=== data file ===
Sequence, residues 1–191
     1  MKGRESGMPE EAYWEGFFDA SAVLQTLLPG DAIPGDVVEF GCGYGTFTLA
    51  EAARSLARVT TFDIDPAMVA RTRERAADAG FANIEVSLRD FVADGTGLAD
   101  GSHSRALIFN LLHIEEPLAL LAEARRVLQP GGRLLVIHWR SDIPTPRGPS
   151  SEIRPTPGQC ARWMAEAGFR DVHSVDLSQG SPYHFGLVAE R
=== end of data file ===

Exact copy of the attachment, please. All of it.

Sequence, residues 1–191
     1  MKGRESGMPE EAYWEGFFDA SAVLQTLLPG DAIPGDVVEF GCGYGTFTLA
    51  EAARSLARVT TFDIDPAMVA RTRERAADAG FANIEVSLRD FVADGTGLAD
   101  GSHSRALIFN LLHIEEPLAL LAEARRVLQP GGRLLVIHWR SDIPTPRGPS
   151  SEIRPTPGQC ARWMAEAGFR DVHSVDLSQG SPYHFGLVAE R